ALBANY — The state has failed to issue stiff fines against nursing homes for the most common health and safety violations and has taken months and sometimes years to levy sanctions for more serious concerns, according to state Comptroller Thomas DiNapoli.
DiNapoli’s audit released Monday concluded that the state Health Department’s policies and practices fail to act as a deterrent against prolonged or repeat violations. DiNapoli blamed a misallocation of staff, resources and policies that include choosing not to levy fines for 85 percent of the most common violations and taking an average of nearly four years to act on a case.
“This trend has recently worsened, taking the teeth out of a significant deterrent to unsafe practices and conditions,” DiNapoli said. He said lesser violations allowed to continue unabated could turn into more serious health threats.
Auditors found that while the Health Department issued $628,000 in fines through 62 orders in 2011, that amount dropped to $148,000 in fines through 10 orders in 2014, the most recent full year of data.
The auditors, however, also found the Health Department completed its inspections of nursing homes as required and acted quickly on matters that threatened the health of residents.
“A new enforcement process was implemented by the DOH Nursing Home Division in April 2015 and we are continuing to work to ensure that fines are assessed in a timely manner,” the Health Department said.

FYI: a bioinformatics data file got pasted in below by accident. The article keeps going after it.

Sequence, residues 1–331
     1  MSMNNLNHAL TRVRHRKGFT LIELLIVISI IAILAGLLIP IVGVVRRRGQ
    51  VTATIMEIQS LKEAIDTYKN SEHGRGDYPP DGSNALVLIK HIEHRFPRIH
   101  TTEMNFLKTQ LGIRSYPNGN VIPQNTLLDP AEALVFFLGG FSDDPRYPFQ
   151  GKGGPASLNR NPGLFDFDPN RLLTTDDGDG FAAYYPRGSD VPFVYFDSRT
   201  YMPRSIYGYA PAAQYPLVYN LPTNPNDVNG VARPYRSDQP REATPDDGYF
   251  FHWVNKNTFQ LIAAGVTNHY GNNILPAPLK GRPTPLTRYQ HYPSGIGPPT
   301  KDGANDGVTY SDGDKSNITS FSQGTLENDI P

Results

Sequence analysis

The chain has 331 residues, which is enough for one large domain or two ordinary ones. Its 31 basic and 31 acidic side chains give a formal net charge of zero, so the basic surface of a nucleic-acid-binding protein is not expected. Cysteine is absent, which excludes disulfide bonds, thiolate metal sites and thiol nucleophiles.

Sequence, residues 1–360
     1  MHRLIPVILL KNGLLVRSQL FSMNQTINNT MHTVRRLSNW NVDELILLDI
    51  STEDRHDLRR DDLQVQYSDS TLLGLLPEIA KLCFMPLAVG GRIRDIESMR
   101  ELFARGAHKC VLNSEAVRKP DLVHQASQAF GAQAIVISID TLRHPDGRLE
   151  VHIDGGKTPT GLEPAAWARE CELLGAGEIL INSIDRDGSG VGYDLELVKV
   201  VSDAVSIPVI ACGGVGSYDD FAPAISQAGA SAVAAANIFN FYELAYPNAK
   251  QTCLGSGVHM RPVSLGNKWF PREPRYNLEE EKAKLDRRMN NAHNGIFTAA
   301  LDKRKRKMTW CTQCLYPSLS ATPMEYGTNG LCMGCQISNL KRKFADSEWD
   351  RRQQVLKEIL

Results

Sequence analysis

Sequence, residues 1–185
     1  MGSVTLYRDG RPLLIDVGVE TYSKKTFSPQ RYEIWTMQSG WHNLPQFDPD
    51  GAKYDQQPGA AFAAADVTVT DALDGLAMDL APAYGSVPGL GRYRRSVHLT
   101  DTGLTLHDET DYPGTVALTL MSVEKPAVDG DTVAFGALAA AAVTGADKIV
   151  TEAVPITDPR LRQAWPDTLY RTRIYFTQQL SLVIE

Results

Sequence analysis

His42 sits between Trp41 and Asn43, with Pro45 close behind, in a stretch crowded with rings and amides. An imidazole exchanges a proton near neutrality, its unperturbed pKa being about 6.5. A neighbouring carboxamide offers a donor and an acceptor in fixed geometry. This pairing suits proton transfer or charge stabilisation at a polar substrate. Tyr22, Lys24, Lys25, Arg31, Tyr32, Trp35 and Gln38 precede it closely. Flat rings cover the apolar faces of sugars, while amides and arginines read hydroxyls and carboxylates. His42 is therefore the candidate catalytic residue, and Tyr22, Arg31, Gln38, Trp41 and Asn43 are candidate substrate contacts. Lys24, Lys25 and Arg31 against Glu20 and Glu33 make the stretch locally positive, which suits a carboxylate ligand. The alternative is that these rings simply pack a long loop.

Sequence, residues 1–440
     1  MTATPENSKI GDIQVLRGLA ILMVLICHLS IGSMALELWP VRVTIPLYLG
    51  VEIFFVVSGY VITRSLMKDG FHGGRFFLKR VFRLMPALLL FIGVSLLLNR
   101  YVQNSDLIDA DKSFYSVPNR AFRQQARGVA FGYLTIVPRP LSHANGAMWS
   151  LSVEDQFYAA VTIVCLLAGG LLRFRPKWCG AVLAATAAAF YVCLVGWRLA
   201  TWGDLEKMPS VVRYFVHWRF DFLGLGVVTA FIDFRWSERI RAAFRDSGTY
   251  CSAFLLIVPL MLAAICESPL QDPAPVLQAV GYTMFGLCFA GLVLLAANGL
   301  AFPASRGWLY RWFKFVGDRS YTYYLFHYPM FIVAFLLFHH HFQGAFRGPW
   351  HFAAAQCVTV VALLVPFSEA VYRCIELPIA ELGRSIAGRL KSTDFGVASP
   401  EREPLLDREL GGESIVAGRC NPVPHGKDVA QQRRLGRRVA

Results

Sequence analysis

DiNapoli’s report found that from January 2007 to May 2015, the 37 nursing homes in Nassau County had 3,390 violations, 91 of which were considered major deficiencies. During that period, Suffolk County’s 45 nursing homes had 3,644 violations, 119 of which were considered major deficiencies. The only counties with more violations were Erie County with 43 nursing homes and 3,800 violations, 87 of which were major deficiencies; and Queens with 60 nursing homes, 3,773 violations and 123 major deficiencies.
DiNapoli announced the audit with several advocates of the 96,495 New Yorkers in the state’s 631 private and nonprofit nursing homes.
“The fines, if they are imposed at all, are negligible,” said Jack Kupferman, president of the Gray Panthers-New York City Network. “They are almost worthless.”
DiNapoli said another reason to levy fines is that the revenue goes into a state Health Department fund that funds improvements in living conditions for nursing home residents.